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A Cambodian 'open society'

The strength of any government is gauged by its commitment to building up the most vulnerable among its citizens.

Today, Cambodia is still a country where an education is more often out of reach for thousands of children growing up in poverty and grime.

While complaining and blaming others will bring no solutions, I ask the politicians to do as they have promised and to look at the public policies that are affecting everyday life in Cambodia, such as endemic corruption, human rights abuses, poverty, land-grabbing and a rule of law that is not universally applied.

As a volunteer teacher, I am committed to the educational development of Cambodia with vigour and without fear of retribution. I want to do more for my country and my people as an individual free from political restraints. I make no apologies for standing up to speak out on any issue related to the basic rights that are in conflict with my understanding of common laws. Vulnerable children may be destitute but they needn't be illiterate and ignorant. They also have the right to get an education and to enjoy a better life in the future.

To move forward, Cambodia should adopt the "open society" concept as a main vehicle for lasting growth and sustainable development. The open society is a concept originally developed by Nobel Laureate in literature Henri Bergson. In open societies, government is responsive and tolerant, and political mechanisms are transparent and flexible. The state keeps no secrets from itself in the public sense. It is a nonauthoritarian society in which all are trusted with the knowledge of all. Equality, political freedom, free speech and human rights are the foundation of an open society.  Although still in the early stages, I have been working on establishing a Cambodia Open Society. I admit I still have a long way to go, but I dedicate myself to the promotion and implementation of democracy and open societies. After all, the ultimate goal of democracy is not to pursue material abundance but to nurture the dignities and values of each individual. Open society is always open to improvement because knowledge is never complete but always ongoing. Claims to certain knowledge and ultimate truth by the party in power lead to the attempted imposition of one version of reality. Such a society is closed to freedom of thought. In contrast, in an open society each citizen needs to engage in critical thinking, which requires freedom of thought and expression, and the cultural and legal institutions that can facilitate this. Cambodian society must be open to alternative points of views and not rest on the imposition of any individual perspective.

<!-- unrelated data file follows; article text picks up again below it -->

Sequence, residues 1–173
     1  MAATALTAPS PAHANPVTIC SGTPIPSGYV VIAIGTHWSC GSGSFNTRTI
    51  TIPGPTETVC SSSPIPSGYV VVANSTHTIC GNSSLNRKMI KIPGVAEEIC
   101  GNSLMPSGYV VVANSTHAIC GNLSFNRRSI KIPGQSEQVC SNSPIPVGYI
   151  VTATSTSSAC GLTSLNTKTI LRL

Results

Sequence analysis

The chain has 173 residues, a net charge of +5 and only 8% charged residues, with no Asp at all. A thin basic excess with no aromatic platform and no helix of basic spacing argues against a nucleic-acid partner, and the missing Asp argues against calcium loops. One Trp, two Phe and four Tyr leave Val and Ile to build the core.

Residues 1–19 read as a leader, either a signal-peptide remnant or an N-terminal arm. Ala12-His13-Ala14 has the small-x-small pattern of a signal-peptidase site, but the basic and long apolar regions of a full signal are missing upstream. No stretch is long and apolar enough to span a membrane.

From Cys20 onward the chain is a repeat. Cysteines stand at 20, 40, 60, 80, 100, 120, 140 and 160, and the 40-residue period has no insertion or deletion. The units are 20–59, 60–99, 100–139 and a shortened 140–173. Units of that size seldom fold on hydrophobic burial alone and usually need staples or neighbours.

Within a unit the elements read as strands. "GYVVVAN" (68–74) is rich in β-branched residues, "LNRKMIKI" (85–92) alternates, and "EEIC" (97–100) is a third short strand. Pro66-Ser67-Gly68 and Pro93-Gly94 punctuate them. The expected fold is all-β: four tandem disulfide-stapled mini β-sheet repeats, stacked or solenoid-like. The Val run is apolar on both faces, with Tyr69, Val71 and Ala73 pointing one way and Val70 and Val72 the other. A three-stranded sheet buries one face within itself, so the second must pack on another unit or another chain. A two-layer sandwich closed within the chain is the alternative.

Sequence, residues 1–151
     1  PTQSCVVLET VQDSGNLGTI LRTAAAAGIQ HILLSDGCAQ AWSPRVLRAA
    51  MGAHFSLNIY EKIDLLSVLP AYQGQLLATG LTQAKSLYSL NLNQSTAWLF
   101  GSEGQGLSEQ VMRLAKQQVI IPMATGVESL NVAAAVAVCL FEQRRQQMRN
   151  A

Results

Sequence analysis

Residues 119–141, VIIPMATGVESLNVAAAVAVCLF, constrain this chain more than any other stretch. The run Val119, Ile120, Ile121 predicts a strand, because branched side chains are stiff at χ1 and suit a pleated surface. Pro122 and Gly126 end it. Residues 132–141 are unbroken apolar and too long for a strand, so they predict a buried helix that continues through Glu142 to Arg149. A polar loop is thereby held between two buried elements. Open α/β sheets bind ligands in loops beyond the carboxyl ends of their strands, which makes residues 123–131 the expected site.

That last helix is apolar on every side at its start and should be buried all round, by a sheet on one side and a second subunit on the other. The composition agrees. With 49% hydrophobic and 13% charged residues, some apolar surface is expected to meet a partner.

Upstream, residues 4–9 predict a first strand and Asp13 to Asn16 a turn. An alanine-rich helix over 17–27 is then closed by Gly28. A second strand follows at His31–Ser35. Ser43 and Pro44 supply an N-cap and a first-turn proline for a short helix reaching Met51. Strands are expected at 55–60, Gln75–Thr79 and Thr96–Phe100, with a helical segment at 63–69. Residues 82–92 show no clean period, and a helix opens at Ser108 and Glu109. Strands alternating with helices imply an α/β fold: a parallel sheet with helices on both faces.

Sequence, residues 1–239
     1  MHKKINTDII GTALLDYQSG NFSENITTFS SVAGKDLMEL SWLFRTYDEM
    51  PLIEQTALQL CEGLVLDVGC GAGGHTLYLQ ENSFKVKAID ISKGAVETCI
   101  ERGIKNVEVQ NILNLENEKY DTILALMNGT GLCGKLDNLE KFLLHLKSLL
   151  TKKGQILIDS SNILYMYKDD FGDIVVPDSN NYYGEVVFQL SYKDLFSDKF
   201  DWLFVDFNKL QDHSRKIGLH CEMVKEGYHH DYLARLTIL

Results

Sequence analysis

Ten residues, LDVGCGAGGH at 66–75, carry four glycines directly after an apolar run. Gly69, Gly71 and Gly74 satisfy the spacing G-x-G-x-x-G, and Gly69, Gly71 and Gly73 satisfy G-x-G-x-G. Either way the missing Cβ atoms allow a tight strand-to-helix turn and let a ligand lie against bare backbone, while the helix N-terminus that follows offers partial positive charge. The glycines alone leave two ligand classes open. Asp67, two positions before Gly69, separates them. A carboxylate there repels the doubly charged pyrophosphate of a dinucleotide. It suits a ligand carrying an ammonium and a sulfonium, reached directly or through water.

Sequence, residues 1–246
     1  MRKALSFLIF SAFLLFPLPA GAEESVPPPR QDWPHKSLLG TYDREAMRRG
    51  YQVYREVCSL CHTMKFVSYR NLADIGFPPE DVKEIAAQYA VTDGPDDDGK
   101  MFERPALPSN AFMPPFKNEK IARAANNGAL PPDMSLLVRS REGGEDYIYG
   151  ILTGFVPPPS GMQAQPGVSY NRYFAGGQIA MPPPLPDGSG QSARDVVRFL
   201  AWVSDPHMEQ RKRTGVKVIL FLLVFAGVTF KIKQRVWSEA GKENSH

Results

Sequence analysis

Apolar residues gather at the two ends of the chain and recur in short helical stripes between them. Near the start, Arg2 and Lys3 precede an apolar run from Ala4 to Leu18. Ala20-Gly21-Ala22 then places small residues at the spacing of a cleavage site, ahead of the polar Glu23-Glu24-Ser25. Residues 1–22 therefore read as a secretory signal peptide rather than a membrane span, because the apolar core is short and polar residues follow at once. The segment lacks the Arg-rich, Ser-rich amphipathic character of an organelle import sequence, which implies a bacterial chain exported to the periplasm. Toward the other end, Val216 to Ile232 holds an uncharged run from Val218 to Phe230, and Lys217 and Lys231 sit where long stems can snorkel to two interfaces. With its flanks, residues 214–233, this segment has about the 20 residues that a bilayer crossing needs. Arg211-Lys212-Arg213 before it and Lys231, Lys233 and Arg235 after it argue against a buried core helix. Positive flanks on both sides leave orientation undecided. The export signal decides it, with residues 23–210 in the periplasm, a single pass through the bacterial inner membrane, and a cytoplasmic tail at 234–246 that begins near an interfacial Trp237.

To promote these values, I believe that, first and foremost, the people must have an understanding of their imperfections before they can learn. The majority of the people in Cambodia must learn to change from a closed or fixed mindset to an open or growth mindset. Positive and constructive change makes all things possible. I witness this deficiency every day by interacting with my students.